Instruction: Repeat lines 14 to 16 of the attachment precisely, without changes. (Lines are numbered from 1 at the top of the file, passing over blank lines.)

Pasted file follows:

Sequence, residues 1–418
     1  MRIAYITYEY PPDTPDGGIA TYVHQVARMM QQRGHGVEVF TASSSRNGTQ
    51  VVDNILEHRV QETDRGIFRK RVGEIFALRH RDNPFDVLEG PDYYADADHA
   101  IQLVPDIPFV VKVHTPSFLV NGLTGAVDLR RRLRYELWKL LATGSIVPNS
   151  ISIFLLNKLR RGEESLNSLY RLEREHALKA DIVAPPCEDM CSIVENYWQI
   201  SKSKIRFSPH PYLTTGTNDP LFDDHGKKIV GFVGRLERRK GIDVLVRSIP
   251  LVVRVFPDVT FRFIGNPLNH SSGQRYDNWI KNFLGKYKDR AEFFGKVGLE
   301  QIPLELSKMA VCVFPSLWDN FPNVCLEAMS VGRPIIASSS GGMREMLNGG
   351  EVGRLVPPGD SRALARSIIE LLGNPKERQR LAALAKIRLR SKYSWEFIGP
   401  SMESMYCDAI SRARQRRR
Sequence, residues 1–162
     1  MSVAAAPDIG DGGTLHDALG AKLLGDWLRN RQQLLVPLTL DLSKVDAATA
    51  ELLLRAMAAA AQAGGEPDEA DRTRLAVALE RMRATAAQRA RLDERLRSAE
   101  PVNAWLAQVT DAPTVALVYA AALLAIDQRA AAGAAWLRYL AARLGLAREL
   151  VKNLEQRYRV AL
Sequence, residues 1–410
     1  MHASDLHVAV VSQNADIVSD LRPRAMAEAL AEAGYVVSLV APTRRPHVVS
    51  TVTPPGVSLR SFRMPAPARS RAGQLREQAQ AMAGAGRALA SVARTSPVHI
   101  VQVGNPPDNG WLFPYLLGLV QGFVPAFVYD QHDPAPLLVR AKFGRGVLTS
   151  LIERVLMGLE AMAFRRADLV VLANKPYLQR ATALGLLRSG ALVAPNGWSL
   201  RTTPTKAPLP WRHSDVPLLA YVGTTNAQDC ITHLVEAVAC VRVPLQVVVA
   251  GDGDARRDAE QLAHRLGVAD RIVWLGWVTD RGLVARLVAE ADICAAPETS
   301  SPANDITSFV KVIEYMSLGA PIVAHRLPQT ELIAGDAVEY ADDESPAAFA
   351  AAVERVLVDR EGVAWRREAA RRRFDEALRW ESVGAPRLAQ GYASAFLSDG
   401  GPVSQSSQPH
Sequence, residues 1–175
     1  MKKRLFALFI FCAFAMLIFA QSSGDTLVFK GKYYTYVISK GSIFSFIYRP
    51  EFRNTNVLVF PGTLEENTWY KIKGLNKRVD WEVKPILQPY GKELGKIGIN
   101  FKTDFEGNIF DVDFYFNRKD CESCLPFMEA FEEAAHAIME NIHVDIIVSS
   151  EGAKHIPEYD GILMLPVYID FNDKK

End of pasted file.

   101  PVNAWLAQVT DAPTVALVYA AALLAIDQRA AAGAAWLRYL AARLGLAREL
   151  VKNLEQRYRV AL
Sequence, residues 1–410